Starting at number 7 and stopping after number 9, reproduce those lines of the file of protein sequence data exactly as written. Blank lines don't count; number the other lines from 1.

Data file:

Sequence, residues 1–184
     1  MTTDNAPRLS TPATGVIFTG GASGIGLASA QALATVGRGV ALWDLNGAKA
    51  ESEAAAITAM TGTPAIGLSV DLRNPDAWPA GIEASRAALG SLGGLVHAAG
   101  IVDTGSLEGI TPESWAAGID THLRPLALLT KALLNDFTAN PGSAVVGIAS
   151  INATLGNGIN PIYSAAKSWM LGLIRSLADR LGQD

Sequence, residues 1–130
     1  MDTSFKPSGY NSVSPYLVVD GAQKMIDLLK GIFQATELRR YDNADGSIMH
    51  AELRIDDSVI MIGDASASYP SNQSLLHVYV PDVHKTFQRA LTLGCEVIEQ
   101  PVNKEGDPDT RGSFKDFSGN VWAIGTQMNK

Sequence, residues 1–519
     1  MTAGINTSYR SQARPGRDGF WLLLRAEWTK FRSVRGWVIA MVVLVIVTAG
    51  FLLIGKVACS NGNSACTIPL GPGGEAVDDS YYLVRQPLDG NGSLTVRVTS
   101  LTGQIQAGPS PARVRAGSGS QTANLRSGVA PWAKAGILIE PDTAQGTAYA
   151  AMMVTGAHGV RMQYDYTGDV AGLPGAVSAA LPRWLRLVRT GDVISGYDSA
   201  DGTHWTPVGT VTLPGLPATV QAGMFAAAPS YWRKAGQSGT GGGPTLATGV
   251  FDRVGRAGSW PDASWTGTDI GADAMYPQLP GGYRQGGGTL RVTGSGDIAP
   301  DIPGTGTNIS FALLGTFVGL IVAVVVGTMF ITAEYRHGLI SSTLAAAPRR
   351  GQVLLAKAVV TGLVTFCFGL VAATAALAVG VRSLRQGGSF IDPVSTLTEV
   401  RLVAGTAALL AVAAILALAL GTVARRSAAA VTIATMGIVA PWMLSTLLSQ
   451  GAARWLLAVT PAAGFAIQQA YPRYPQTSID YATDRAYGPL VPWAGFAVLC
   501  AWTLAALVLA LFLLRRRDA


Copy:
     1  MDTSFKPSGY NSVSPYLVVD GAQKMIDLLK GIFQATELRR YDNADGSIMH
    51  AELRIDDSVI MIGDASASYP SNQSLLHVYV PDVHKTFQRA LTLGCEVIEQ
   101  PVNKEGDPDT RGSFKDFSGN VWAIGTQMNK